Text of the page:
Editor's note: Social networking using Twitter or Facebook or any of the dozen or more popular platforms is all the rage right now. Social networking can offer much more than just a way for teenagers to keep up with what their friends are doing every minute of the day. To find out exactly how social networking can help a photographer, we asked NYIP Student Advisor Chris Corradino to give Twitter a try. Here' s his report which as you will see shows you how using Twitter can bring photo opportunities to your doorstep, improve your photography business, let you share your experience as a photographer and help you acquire mentors and friends in the field.
Twitter 101 for the uninitiated: Before we start, if you think you're one of the small number of people who don't know what Twitter is and don't use it, you're wrong. As of the time we post this article, as we noted above Twitter is the "all the rage." However, you're not alone. Recently, a CNN online poll asked: "Do you twitter?" and with over 250,000 votes cast, only 7% said yes, 63% no, and 30% asked, "What's twitter?" Now, if only 7% of people in an online poll use Twitter, that means 93% don't ñ and that's among people who participate in online polls! That means thereís still a lot of room for growth. Even so, Twitter might be nearing its apogee, and in the avaricious tech news cycle, the ìnext big thingî may be just around the corner.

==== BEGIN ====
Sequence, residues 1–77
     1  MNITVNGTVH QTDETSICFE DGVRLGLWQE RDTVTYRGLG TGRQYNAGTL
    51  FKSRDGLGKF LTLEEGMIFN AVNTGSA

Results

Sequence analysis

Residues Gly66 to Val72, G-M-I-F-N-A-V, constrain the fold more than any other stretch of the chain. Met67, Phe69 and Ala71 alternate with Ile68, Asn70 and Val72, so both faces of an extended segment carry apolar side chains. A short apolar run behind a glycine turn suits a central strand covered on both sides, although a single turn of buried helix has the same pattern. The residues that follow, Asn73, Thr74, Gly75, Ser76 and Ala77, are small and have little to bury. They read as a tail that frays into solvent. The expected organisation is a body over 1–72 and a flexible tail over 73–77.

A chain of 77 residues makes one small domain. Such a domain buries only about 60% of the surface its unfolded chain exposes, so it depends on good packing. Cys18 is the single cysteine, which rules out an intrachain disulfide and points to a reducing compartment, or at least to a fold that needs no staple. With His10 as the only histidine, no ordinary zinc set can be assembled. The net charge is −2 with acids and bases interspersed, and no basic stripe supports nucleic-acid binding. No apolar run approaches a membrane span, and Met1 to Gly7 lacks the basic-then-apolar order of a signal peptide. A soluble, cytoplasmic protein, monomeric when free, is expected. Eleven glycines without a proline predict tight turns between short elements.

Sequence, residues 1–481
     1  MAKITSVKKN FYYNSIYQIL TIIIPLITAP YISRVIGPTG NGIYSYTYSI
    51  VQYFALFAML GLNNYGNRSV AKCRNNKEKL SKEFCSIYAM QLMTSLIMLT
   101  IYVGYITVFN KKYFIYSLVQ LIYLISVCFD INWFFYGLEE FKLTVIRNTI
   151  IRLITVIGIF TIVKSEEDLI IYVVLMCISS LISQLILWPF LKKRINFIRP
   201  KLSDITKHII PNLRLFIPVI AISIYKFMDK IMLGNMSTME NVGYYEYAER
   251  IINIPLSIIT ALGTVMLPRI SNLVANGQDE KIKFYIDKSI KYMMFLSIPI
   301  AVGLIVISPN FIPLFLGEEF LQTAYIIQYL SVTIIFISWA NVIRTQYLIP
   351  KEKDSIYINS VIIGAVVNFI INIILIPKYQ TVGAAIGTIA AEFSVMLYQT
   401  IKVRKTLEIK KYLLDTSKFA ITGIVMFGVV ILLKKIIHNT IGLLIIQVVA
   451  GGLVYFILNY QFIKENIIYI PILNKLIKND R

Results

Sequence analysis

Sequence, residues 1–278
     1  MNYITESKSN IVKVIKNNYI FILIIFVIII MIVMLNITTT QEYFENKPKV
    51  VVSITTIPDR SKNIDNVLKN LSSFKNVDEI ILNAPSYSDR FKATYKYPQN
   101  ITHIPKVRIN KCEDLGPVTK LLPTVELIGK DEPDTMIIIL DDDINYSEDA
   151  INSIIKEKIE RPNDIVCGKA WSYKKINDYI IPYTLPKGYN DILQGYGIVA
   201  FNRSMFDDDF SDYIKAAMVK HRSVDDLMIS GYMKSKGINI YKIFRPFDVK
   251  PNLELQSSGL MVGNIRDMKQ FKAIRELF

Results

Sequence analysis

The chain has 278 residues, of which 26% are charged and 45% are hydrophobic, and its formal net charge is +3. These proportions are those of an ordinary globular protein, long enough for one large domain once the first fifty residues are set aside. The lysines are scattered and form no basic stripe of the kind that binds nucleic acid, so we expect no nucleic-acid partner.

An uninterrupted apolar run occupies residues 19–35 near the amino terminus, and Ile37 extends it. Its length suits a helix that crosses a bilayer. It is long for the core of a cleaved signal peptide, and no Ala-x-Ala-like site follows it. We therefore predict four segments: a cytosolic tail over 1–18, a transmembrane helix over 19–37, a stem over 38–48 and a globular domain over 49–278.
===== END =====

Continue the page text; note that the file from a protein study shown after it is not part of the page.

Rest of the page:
In essence, part of Twitter's charm is that each message (called a "tweet") is limited to 140 characters, so there's a chance for brevity and even poetry to emerge from the compression. It's not always there, and the other interesting thing (again, as of this writing) is that Twitter hasn't exactly figured out how to harness this horse and make money, and lots of big companies are putting some $$ into this, witness the Dunkin' Donuts Twitter campaign. But, remember, there was a time when a few people discovered they could make a little money selling on some quaintly named thing called eBay…
Thatís why we asked NYIP Student Advisor (and NYIP Graduate) Chris Corradino to write up his experiences.
It seems that everyone is talking about Twitter these days. Less than 45 days ago, I decided to try it out for myself and see what Twitter could offer to a photographer. Here is a recap of my experience so far.